Three Ways CEOs Can Foster D&I for LGBTQ+ Executives

CEOs may not know exactly how to demonstrate the inclusive behaviors that affirm or encourage LGBTQ+ team members. Here are three steps CEOs can take to create a more inclusive environment for LGBTQ+ employees.

CEOs may not know exactly how to demonstrate the inclusive behaviors that affirm or encourage LGBTQ+ team members. Here are three steps you can take.

Research increasingly shows that creating inclusive work environments is not just the right thing to do, it is core to better business performance. Russell Reynolds Associates’ second annual Diversity and Inclusion (D&I) Pulse survey asked more than 1,800 executives worldwide about their perceptions of their organizations’ cultures and commitment to D&I as well as specific feedback on their leaders’ styles. We learned that when top leaders demonstrated inclusive behaviors, 90% of executives felt they had a positive working relationship with that leader and wanted to remain in their jobs.

This reality can present a challenge for CEOs when it comes to supporting LGBTQ+ leaders. For one, membership status in the LGBTQ+ community is often invisible: a recent Human Rights Campaign survey found that 46% of people who consider themselves LGBTQ+ do not share this part of their identities at work. Even when it is visible, CEOs may not know exactly how to demonstrate the inclusive behaviors that affirm or encourage LGBTQ+ team members.

Based on data from more than 700 executives in the US and Canada, RRA compared the D&I Pulse responses specifically related to the perceptions and experiences in the workplace of the 8% (55 executives) who identified as LGBTQ+ to those of other executives.

The majority of LGBTQ+ executives believe their organizations want to be inclusive. Compared to 64% of their non-LGBTQ+ colleagues, nearly 80% report their organizations include sexual orientation and gender identity in their organizations’ D&I strategies. However, relatively few feel their organizations succeed at this goal. Just 38% believe their organizations effectively foster an inclusive culture, compared with 52% of non-LGBTQ+ executives who believe this to be true. Similar gaps exist when it comes to attracting and developing diverse talent. Perhaps not surprisingly, 45% report that diverse talent has left their organization due to a lack of inclusion or engagement.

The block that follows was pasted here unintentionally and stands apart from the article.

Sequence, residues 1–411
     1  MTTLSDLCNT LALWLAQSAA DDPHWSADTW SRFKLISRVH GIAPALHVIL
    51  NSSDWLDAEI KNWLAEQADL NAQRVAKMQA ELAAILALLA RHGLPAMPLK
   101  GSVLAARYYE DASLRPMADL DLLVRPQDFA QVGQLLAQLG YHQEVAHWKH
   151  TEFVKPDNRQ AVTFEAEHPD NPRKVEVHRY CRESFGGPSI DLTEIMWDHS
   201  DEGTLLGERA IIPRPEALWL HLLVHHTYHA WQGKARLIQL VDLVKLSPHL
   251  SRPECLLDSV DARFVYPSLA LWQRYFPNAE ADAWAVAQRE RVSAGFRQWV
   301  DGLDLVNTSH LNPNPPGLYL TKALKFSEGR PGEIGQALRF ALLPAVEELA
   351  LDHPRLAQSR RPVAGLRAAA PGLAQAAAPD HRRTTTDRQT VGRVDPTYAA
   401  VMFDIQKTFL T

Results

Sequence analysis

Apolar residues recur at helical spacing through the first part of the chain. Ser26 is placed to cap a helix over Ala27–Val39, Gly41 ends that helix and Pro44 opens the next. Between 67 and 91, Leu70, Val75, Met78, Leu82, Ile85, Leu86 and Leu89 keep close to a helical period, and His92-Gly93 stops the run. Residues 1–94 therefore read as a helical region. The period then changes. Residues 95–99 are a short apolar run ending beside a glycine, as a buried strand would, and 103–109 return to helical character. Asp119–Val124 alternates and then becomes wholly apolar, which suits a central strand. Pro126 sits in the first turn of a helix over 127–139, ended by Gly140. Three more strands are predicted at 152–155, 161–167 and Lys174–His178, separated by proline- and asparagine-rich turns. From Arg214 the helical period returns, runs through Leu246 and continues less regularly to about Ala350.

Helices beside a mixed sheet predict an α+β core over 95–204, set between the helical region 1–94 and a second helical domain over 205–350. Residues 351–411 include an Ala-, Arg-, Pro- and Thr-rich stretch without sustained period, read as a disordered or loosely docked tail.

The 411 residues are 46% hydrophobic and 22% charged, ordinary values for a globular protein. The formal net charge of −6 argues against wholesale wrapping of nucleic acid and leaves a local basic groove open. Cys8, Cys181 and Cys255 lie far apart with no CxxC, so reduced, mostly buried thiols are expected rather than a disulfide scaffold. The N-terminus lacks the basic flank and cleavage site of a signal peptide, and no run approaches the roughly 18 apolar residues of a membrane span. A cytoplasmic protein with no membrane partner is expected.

For CEOs, getting this right is not just about optimizing leadership team dynamics, it is also about signaling their commitment to an inclusive culture throughout the organization.

What specific steps can CEOs take to create a more inclusive environment for LGBTQ+ employees?

Raise awareness: CEOs can visibly demonstrate their commitment to LGBTQ+ employees by personally supporting internal celebrations and educational events. They can also consider becoming vocal advocates for relevant public policy initiatives, such as transgender non-discrimination laws or parental leave equality while ensuring the company as whole clearly articulates its commitment to D&I for all people.

Mitigate hostility by managing risks: Top leaders should review hiring, development and retention policies to make sure they provide fair and equal treatment to LGBTQ+ employees. Some key questions to consider: Does the organization mandate diverse hiring panels and offer specific training related to interviewing LGBTQ+ candidates?  Are anti-harassment and unconscious bias training regularly offered to all employees? Are medical benefits and parental leave policies unintentionally biased in ways that would present obstacles to LGBTQ+ employees?

Build & foster networks: The most effective CEOs do not just demonstrate their own commitment to diversity, they catalyze others to commit as well. Equipping members of the non-LGBTQ+ community to become allies through educational materials and structured programs is one avenue for such engagement; internal communications efforts from senior leadership to the entire organization can also help build broad-based support for LGBTQ+ employees.

Above all, it is important to remember that creating a work environment in which LGBTQ+ employees feel fully included may take time. Non-LGBTQ+ employees need education and encouragement to change negative behaviors, and LGBTQ+ employees may understandably need to see a track record of improvement before they change their perspective on the culture.

The good news for CEOs is that the first step is typically the hardest – and the more such steps become standard practice, the easier it will be for other CEOs to take them. With consistent and sincere commitment, CEOs stand to see change that not only transforms their businesses, but also transforms lives.

Read more: Five Ways CEOs Can Lead Inclusively From The Top


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